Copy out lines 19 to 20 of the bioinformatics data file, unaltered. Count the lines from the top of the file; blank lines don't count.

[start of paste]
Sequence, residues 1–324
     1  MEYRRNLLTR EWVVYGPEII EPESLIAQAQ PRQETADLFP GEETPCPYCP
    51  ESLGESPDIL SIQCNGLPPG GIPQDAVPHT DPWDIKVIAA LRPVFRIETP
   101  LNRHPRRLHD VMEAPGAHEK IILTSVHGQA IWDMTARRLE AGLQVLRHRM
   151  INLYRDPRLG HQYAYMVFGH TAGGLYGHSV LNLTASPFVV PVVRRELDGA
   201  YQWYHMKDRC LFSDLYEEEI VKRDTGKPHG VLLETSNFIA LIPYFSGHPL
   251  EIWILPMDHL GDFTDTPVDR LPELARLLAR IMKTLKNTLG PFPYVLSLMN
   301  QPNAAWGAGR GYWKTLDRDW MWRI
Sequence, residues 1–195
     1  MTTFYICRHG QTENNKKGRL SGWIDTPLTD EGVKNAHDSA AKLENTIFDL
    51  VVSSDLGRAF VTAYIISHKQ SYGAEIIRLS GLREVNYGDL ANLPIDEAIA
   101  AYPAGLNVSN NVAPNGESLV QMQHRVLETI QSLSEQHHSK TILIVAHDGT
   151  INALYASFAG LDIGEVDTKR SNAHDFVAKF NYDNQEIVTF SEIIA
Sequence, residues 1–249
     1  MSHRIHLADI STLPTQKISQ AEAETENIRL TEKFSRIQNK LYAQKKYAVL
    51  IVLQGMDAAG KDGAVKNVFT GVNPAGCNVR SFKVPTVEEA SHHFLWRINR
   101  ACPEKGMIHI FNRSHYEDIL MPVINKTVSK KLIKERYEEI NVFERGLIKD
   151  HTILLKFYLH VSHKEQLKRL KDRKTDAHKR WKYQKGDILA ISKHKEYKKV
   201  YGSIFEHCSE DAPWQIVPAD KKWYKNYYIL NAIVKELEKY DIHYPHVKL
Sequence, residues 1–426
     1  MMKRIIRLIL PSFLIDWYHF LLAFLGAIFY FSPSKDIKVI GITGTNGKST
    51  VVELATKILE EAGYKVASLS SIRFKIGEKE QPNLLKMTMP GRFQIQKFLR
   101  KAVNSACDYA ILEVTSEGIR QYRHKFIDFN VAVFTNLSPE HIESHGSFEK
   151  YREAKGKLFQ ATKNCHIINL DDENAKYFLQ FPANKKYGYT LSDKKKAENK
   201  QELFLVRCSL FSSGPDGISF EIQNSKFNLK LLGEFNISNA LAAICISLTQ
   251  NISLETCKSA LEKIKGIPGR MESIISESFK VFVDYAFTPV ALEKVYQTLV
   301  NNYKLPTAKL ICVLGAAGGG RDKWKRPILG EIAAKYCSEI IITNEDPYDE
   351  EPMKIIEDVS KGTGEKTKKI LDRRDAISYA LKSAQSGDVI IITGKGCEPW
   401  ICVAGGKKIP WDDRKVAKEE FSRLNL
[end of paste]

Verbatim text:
   201  YGSIFEHCSE DAPWQIVPAD KKWYKNYYIL NAIVKELEKY DIHYPHVKL
Sequence, residues 1–426